On September 5, 2003, plaintiff filed a one-count complaint sounding in public nuisance against defendants, which was later amended. On October 7, 2003, the circuit court dismissed plaintiff's action pursuant to section 2-615 of the Code of Civil Procedure (735 ILCS 5/2-615 (West 2000)) for failing to state a claim. Plaintiff filed this timely appeal. Pursuant to Supreme Court Rule 345 (155 Ill. 2d R. 345), we allowed the Alliance for Healthy Homes, American Public Health Association, Day Care Action Council of Illinois, Health and Disability Advocates, Infant Welfare Society of Chicago, Illinois Chapter of the American Academy of Pediatrics, Illinois Public Health Association, Lawyers' Committee for Better Housing, Metropolitan Tenants Organization, Uptown People's Law Center and Voices for Illinois Children to file a brief amici curiae in support of the plaintiffs. We also allowed the Illinois Manufacturers' Association and the Product Liability Advisory Council to file briefs amici curiae on behalf of the defendants.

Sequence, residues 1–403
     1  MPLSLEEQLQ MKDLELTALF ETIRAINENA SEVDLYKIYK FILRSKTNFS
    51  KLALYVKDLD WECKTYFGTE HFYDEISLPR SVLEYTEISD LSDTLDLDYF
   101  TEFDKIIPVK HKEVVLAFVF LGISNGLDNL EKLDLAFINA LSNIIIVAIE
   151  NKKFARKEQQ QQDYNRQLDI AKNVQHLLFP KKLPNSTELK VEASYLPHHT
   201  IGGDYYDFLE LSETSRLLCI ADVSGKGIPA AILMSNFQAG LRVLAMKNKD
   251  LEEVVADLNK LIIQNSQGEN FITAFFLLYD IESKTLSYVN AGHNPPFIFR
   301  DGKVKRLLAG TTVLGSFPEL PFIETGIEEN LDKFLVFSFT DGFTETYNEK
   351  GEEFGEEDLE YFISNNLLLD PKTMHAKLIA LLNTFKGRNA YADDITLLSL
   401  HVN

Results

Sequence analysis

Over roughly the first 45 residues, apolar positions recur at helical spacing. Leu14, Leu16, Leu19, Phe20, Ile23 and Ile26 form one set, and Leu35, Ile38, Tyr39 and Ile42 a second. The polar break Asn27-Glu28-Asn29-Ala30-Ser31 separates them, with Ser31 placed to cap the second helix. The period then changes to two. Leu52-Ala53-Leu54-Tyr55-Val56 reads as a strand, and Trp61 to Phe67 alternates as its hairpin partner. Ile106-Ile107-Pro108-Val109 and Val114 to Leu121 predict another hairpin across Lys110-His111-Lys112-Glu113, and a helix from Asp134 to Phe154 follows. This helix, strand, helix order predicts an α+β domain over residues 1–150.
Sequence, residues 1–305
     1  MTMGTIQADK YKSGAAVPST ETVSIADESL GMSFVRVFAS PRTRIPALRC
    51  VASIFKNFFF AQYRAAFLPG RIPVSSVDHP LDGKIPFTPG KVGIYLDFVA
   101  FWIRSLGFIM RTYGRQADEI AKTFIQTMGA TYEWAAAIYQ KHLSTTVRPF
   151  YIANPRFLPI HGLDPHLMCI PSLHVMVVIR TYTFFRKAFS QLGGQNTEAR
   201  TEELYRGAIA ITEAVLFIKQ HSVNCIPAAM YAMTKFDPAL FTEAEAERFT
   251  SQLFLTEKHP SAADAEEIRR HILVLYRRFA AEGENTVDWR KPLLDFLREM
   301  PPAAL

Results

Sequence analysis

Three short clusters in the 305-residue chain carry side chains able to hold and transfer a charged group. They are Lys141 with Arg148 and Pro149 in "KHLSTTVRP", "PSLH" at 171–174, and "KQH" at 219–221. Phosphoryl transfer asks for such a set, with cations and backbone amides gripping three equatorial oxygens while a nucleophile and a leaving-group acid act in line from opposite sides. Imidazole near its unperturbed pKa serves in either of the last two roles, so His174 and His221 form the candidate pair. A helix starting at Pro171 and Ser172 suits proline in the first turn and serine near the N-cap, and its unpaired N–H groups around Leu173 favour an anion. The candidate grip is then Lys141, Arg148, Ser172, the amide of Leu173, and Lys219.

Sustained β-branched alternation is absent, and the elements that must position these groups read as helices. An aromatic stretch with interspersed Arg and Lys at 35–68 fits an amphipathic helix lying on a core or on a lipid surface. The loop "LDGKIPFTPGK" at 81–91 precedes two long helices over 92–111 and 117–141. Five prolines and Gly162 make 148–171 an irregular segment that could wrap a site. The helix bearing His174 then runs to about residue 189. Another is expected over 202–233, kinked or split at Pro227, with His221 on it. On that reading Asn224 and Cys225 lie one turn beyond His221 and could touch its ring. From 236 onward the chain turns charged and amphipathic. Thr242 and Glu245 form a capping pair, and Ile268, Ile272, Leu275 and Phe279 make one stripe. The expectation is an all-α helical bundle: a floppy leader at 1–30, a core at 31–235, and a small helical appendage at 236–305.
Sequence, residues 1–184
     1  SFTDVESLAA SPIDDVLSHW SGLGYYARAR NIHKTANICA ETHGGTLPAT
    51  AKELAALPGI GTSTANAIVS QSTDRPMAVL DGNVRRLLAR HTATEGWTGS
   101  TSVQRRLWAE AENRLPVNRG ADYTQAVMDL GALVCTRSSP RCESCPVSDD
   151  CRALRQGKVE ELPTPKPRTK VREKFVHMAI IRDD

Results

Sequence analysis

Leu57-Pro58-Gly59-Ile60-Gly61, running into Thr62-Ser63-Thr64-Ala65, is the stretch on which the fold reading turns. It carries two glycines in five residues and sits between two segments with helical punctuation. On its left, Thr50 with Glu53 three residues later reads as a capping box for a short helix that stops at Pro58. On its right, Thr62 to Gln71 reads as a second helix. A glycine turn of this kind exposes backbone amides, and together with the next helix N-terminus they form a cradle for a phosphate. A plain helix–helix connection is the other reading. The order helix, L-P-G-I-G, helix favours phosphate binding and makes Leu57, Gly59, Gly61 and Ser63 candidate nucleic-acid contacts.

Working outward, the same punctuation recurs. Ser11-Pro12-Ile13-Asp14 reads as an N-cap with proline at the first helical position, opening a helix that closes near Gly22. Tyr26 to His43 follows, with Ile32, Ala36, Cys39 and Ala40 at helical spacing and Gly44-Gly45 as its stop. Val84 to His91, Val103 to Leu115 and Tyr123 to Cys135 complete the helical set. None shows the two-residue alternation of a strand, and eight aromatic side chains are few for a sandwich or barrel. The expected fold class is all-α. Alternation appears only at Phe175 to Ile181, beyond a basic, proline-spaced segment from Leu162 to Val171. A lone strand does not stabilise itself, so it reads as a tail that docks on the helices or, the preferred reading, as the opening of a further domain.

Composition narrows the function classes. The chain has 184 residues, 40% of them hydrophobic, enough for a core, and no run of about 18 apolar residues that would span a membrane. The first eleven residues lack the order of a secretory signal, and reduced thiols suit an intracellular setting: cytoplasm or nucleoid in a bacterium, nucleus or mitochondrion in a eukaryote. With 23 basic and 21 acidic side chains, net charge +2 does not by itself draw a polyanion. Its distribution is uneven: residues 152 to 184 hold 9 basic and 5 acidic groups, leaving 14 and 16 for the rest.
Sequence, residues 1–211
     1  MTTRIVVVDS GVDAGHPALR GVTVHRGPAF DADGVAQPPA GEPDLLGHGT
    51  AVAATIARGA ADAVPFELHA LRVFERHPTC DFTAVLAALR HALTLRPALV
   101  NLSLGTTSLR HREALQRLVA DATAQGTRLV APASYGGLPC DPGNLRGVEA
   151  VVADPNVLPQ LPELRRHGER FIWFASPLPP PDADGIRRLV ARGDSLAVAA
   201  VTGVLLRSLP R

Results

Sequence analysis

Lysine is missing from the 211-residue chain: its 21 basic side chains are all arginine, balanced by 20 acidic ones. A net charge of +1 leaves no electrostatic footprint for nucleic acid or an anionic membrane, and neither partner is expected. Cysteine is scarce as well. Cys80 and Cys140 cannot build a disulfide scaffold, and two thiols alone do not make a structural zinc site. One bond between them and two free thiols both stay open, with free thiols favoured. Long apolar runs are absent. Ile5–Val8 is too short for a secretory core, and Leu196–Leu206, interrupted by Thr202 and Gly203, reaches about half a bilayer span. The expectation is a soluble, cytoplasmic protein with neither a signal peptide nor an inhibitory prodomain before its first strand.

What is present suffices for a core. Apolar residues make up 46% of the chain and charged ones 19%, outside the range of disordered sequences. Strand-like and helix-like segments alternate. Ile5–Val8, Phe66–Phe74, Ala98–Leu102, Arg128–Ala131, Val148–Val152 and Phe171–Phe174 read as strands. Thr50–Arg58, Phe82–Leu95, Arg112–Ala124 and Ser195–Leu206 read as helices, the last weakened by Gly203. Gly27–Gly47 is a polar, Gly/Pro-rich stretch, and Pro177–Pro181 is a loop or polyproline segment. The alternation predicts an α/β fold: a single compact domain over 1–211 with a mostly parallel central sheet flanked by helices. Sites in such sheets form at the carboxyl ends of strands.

On November 16, 2004, oral arguments were heard by this court. Two days later, on November 18, 2004, our supreme court filed its opinions in City of Chicago v. Beretta U.S.A. Corp., Nos. 95243, 95280, 95253, 95256 cons. (November 18, 2004), and Young v. Bryco Arms, Nos. 93678, 93685, 93728 cons. (November 18, 2004), which were public nuisance actions against gun manufacturers, distributors and dealers. In both cases, our supreme court affirmed the dismissals of the cases, pursuant to section 2-615 of the Code of Civil Procedure (735 ILCS 5.2-615 (2000)), for failing to state a cause of action. We allowed the parties to address the effect, if any, that Beretta had on their respective positions. Plaintiff has now conceded that under Beretta it is foreclosed from seeking economic damages here, in the absence of physical harm to city property or other direct injury. Beretta, slip op. at 57. Therefore, plaintiff no longer seeks monetary damages to compensate it for costs it incurred in past lead-abatement efforts. However, plaintiff contends that the holding in Beretta does not apply to the injunctive relief it seeks. Plaintiff requests an injunction to abate the alleged nuisance by having defendants establish and fund an abatement program to remove lead-based paint from areas accessible to children and to take any other step necessary to abate the alleged nuisance. Plaintiff also seeks punitive damages.